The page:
“It is possible,” Thomas shrugged his shoulders. “However it’s unlikely as my brethren reside in caverns a little further to the east. Why concern yourself with thoughts of them? If they are present they would be of assistance.” The Prince paused, looking over the edge of the basket as though searching for something through the dust. “Of the sisters, I cannot say the same.”
“And if we do run into your kin?” the girl pressed the issue. “The crazy sisters you keep talking about, I mean.”
“I am Father’s Prince,” said Thomas. “The sisters still answer to me.”
Minutes later the basket that had carried them from the surface was resting upon the floor of the pit. The sound of the crane had diminished to to a steady but tolerable background droning. The Cog Blocker was the first to climb from the basket. “Who has the bracelet?” she asked.
“I have it,” Thomas replied, moving to within an arm’s length of the Cog Blocker. “There is no need for you all to come. If the sisters are indeed about you will antagonize them. Tars and I can place the bracelet. We will not return to the surface.”
“We will go with you?” she replied. “And you will return with us to the surface until the mission has been completed.
“Why do you not trust me?” Thomas dropped his voice and leaned closer, pressing the bounds of etiquette with respect to personal space. He dropped his voice for her ears alone. “Suspicion is most unbecoming, Miss Buxombottom.”
She dropped her voice accordingly, so only he could hear, “Your existence has not been as secret as you think.”
“This is so stupid,” said the Squire, striding from the basket. “We’re only here because none of us trust each other. Let’s leave the bracelet so we can get back up top to set the dynamite and be done with it.”
It was only a few dozen yards to the center of the pit. They were just about to place the bracelet when a clicking sound caused them to look back. Standing in the basket they had just vacated were three pale figures in tattered gowns. And as if this sight on its own was not sufficiently alarming, one of the creatures was holding the flare gun Emerson had left on the floor of the basket.
“Where did they come from?” said Emerson.
“The sister’s stealth is unmatched,” said Thomas.
The three creatures stared in silence for several second. So fearsome and so still, the sisters gave the impression of being fashioned from wax, like some sort of display at a chamber of horrors. The silence was brief; one by one, the creatures tipped their heads back and started to wail, creating a shrill and grating chorus. It was both horrific and utterly riveting, holding everyone’s attention—until a second series of screams, caused them to spin. Several dozen more of the creatures had appeared behind them, no more than a hundred yards away.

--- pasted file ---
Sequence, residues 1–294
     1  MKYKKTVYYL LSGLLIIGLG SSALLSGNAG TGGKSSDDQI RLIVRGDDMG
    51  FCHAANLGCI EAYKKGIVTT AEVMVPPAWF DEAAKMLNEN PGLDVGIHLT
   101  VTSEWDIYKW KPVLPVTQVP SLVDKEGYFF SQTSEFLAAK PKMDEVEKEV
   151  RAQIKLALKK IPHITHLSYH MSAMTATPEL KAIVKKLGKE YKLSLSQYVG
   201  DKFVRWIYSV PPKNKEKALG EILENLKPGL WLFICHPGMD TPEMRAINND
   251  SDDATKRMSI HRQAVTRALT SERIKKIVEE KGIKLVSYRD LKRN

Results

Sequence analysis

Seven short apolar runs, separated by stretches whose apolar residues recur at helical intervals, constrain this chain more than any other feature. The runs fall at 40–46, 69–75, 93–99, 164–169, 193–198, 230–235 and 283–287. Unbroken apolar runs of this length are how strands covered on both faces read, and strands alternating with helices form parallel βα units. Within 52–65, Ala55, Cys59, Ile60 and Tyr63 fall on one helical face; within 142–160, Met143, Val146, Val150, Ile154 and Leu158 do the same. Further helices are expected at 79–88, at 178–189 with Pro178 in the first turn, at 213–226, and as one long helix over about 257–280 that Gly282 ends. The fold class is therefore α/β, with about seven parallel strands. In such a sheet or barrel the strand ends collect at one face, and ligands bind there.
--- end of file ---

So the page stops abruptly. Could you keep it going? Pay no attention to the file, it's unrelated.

“Sisters of Dunsany!” Thomas stepped forward and raised his arms. The sisters’ wails fell silent. “Turn and depart. I command you as your elder.” The sisters remained silent but a second longer before resuming their shrill shrieks and charging forward.
Despite Thomas’s repeated attempts at calling off the sisters, the crazed creatures remained undeterred, advancing upon the League until the ragtag group had their backs pressed against the wall of an alcove on the far side of the pit. With each advancing step, the disturbing cries of the sisters increased in intensity.
“CRIPES, Prince Thomas!” Petra called out. “What’s the good of you if you can’t call them off?”
“STOP!” A single word, a single syllable, uttered without repetition, cut through the confusion like a gunshot. The sisters at once stood as still as stone.
All eyes turned to the Squire, whose voice it was that had arrested the Sisters of Dunsany.
“Squire,” said Emerson with genuine awe. “I think it’s time you got a raise.”
“That is a most impressive skill,” Count Bologna agreed, sounding unusually sombre.
“How are you able to control them?” the Cog Blocker asked.
“My voice, it compels them,” replied the Squire, though he offered no further explanation.
“Hey,” said Petra. She looked about. “Where’s Prince Thomas?” It took only a second to verify that indeed the tall Prince of the Dunsany and his Thark companion had vanished.
“They must have escaped into one of the tunnels,” said Cog Blocker.
“The bracelet!” said Emerson. “Thomas took it.”